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Sunday, May 10, 2015

Even More on Critical Thinking

Karl Popper was the expert on scientific method. He observed and described the activity of scientists, the way that they achieved knowledge and the way that the world accumulated knowledge. "Science" is the Latin word for knowledge. So as one of my mentors, Bernard Lonergan SJ, pointed out, understanding the way of science is understanding the way of knowing even in art, history, philosophy, religion, and ordinary common sense.

Popper's insight is that negation is key to the scientific method. In fact a proposition or theory has no meaning unless it can be "falsified." The scientist uses imagination to first "conjecture" and then experiments for "refutation" and then revises the conjecture for continued refutation. When the probability of refuting the proposition dips towards zero, the more certainty there is for its verification.

This conforms to St. Thomas Aquinas's teaching that the way to truth is analogy and negation: the via negativa. Thomas, unlike Anselm, taught that humans use media, i.e. categories/analogies, what we now call models, to think and that we achieve the truth of those models through negation. John Paul Sartre (Being and Nothingness) identified human consciousness as nothingness which applied to posited objects in the world achieves knowledge. No and yes and no and . . . . .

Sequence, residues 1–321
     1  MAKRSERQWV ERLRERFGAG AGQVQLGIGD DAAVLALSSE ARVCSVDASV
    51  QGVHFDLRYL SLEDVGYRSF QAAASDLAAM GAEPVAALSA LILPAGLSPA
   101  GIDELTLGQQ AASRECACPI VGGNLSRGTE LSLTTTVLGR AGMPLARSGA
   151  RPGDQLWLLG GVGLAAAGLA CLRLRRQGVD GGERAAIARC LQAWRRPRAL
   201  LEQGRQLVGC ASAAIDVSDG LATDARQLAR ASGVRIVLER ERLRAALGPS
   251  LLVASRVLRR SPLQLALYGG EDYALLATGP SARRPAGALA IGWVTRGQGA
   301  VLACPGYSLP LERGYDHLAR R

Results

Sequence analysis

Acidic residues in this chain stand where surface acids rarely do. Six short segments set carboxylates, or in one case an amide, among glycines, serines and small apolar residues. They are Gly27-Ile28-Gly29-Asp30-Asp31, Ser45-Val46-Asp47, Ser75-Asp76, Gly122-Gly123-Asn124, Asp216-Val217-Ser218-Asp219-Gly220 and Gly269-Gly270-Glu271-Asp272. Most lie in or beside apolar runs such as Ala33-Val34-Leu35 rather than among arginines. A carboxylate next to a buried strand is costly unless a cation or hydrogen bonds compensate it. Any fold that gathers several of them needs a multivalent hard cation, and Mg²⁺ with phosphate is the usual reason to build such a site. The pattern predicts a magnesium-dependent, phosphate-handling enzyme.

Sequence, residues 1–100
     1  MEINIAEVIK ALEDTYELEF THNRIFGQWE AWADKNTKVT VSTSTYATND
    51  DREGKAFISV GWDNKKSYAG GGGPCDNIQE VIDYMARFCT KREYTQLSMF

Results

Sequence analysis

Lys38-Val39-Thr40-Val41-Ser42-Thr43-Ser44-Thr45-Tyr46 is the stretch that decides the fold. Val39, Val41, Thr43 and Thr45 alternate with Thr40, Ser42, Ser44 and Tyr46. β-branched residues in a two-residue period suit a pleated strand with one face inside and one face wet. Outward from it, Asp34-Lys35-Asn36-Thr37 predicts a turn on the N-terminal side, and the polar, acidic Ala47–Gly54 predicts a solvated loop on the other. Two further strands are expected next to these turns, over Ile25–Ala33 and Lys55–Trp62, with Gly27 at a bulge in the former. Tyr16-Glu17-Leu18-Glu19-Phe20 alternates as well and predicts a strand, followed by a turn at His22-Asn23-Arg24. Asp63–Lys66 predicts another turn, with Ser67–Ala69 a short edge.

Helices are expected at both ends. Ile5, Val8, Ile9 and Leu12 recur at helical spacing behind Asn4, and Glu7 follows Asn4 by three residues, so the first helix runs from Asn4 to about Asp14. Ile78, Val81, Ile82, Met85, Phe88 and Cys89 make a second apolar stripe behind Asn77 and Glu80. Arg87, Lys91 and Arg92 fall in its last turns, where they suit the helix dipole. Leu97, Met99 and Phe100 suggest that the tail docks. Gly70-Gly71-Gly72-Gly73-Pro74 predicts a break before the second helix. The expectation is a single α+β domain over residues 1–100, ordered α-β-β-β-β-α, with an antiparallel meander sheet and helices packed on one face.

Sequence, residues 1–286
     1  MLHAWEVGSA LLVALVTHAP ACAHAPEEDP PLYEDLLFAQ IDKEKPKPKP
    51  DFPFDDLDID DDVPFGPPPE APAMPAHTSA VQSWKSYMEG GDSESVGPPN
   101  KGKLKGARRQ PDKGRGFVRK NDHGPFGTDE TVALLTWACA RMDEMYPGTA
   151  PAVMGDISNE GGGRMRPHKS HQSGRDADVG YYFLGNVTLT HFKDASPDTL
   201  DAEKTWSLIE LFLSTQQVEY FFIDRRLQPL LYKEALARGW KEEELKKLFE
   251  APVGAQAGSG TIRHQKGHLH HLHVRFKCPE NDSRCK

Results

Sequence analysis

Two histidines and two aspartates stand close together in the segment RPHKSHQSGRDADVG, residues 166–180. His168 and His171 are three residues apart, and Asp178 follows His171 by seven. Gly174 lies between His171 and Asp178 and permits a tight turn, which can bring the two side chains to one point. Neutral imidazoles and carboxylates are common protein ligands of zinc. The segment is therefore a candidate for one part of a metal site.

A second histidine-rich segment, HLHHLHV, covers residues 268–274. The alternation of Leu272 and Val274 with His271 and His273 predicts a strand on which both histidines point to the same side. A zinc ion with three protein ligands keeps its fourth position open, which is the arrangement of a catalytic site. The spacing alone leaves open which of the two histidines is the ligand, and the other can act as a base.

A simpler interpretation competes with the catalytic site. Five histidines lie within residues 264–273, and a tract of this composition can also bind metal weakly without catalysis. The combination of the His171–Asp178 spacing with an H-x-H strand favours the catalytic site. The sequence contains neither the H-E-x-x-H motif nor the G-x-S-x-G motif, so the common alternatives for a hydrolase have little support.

To know is to affirm and deny together. The affirmative is the symbol that is constructed to attend to and link many observations. It is the use of imagination to posit or conjecture. The negative is the refutation of the conjecture. It is also the limitation of the imagination. It is why knowing involves definition and distinction. Definition means putting limits or boundaries to a category or symbol. Distinction is clarifying what belongs in the category or model and what does not.

The "critical" in critical thinking is the use of doubt, question, skepticism, or negation in making or receiving propositions. When we affirm with certainty, when we hold absolutes, when we believe without question (or I say, without faith), we bask in and we show our ignorance. Likewise when we deny a position despite the evidence and despite the high probability of its verification by its inability to be refuted, we also bask in and show our ignorance.

The Cousin Vinnie's of the world demonstrate their ignorance, their lack of thinking or refusal to think, when they affirm and pass on positions without taking the time to question them or when they deny positions that have been carefully verified. Examples include the stereotyping of women, Muslims, African Americans, the idolization of a political or economic system, and the denial of climate change or evolution. I regret ignorance in myself and reject it in others especially when it is fueled by the fear of change. The ignorant are either blindly optimistic or fatalistically pessimistic or often both. They conjecture without refutation. They believe without faith.  They blame, name, and shame without taking responsibility.

The problem for humanity and our world is not conservatism or liberalism, right or left, religion or atheism, science or arts, government or corporations, the East or the West. The problem is the inability or refusal to think critically.